Run, don’t walk, to your kitchen and toss out this oil!

Here’s some news that should change the way you eat.

It’s coming out of a study that was designed to look at various oils and how they may contribute to obesity.

But what this research uncovered may very well be the smoking gun as to why diseases like diabetes and other metabolic imbalances have reached epidemic proportions in the U.S.

And it may have also uncovered why animal fats such as lard — once a kitchen staple — have been given such a bad rap.

The ‘trans fat challenge’

The entire biotech industry, including soybean growers across the land, can’t be very happy right now.

A team of researchers from the University of California just published a report that dares to disclose the truth behind soy oil, the fat that groups such as the American Heart Association say we must use in order to prevent heart disease.

They also revealed how some (gasp!) saturated fats — which those same groups have demonized for decades — are actually safe and perfectly beneficial to our health.

But first, let me tell you about a little industry secret you probably wouldn’t know unless you’re in the food business.

For years, DuPont and partner Perdue AgriBusiness (yep, that’s the same Perdue you’ll see on those chicken packages) have been developing a special genetically modified soybean with the strange-sounding name of Plenish.

And how is Plenish different from other soybean oils? DuPont calls it an answer to the “trans fat challenge” — which means it’s intended to be the food industry’s replacement for those heart-attack causing partially hydrogenated oils (PHOs), a.k.a. trans fats, that are being phased out next June.

Now, it seems that foods made with Plenish can gather dust on store shelves for years, just like ones made with PHOs, and still seem “fresh.” And DuPont says it has a “healthier oil profile,” but that’s not exactly what these researchers found.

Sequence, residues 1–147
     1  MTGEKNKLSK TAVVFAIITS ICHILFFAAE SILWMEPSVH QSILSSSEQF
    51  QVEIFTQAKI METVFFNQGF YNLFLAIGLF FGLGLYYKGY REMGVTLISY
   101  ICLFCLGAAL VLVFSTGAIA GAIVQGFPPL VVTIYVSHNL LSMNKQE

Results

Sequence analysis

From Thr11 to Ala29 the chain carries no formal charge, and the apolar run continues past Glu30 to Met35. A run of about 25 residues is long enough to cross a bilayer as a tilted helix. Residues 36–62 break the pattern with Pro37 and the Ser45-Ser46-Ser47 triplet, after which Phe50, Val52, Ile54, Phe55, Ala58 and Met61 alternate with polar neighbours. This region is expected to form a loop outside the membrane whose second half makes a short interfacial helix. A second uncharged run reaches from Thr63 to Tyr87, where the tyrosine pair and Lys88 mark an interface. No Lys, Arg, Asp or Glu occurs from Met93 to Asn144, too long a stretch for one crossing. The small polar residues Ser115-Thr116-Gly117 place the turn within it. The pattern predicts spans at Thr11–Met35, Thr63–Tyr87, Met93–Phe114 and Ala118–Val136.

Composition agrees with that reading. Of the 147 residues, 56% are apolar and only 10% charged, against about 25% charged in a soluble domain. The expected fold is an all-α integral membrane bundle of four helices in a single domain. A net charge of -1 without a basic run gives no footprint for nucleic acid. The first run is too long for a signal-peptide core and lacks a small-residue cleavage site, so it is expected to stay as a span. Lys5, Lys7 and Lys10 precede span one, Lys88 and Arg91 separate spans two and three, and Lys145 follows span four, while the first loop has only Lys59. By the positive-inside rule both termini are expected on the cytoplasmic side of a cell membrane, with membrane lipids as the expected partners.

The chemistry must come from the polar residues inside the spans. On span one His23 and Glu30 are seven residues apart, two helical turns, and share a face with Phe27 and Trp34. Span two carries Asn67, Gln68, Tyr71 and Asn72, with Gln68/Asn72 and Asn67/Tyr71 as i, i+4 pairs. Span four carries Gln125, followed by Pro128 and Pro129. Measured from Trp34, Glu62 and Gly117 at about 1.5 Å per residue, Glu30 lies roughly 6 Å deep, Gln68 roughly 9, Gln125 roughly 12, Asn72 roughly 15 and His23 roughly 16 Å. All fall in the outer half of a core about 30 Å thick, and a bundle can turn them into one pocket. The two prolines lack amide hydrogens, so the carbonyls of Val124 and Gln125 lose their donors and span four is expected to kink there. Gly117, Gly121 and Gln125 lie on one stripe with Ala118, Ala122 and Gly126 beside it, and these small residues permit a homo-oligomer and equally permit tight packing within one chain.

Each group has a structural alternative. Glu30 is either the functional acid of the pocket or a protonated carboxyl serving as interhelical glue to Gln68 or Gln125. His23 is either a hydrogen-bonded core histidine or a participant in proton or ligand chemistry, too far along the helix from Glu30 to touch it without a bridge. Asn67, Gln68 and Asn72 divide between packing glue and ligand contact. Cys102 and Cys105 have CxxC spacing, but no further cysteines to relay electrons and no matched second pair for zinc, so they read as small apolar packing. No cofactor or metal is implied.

In fact, it was pretty much just the opposite.

Mice fed the Plenish oil suffered from enlarged livers and “liver dysfunction,” including an increasingly common and potentially deadly condition called fatty liver disease.

The researchers also pointed out that the rise in obesity practically goes hand-in-hand with our increased use of soybean oil in general (nearly all of which is genetically modified).

But that’s not all.

They also observed that the “detrimental effects” seen in lab rodents when fed animal fats might not be coming from the fat itself, but instead be the result of soy!

Now how’s that for a plot twist?!

You see, most obesity researchers feed their lab animals lard, which in turn comes from animals fed soybean meal. “It’s possible,” they proposed, that many of those “metabolic effects” we thought were the fault of saturated animal fats are instead due to huge amounts of soy fed cows, pigs, and chickens.

And if you’re wondering what these researchers found to be the healthiest oil that they tested, that’s an even bigger surprise.

It’s none other than coconut oil, which consists of about 90 percent of those forbidden saturated fats!

In this new study, coconut oil’s benefits outshined even those of olive oil: It caused the least amount of weight gain and the “fewest negative metabolic effects.”

And if you’re worried about cholesterol, the amount you’re adding to your diet with coconut oil is no more than what you’d get with soybean oil, the darling of the AHA, or even that supposedly healthier version, Plenish.

So, the two main takeaways from this study are:

#1: Stay away from all soybean oil, even if it’s said to be healthier. And since it’s something that’s hard to dodge in processed foods, be sure to check your labels carefully.

#2: Get yourself a big jar of organic virgin coconut oil and use it in everything from sautés to stir-fries to homemade popcorn!

“GM soybean oil causes less obesity and insulin resistance but is harmful to liver function” University of California – Riverside, October 2, 2017, ScienceDaily,